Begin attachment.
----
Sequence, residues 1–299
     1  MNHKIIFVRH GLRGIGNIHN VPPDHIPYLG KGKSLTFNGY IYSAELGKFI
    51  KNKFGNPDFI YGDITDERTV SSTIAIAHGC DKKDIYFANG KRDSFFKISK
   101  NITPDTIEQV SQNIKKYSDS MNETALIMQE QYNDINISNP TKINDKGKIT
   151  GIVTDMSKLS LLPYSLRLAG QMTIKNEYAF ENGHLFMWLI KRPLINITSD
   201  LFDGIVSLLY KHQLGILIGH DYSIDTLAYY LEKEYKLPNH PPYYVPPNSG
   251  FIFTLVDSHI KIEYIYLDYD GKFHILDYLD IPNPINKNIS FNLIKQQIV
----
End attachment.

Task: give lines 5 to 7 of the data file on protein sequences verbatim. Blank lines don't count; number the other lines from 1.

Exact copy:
   151  GIVTDMSKLS LLPYSLRLAG QMTIKNEYAF ENGHLFMWLI KRPLINITSD
   201  LFDGIVSLLY KHQLGILIGH DYSIDTLAYY LEKEYKLPNH PPYYVPPNSG
   251  FIFTLVDSHI KIEYIYLDYD GKFHILDYLD IPNPINKNIS FNLIKQQIV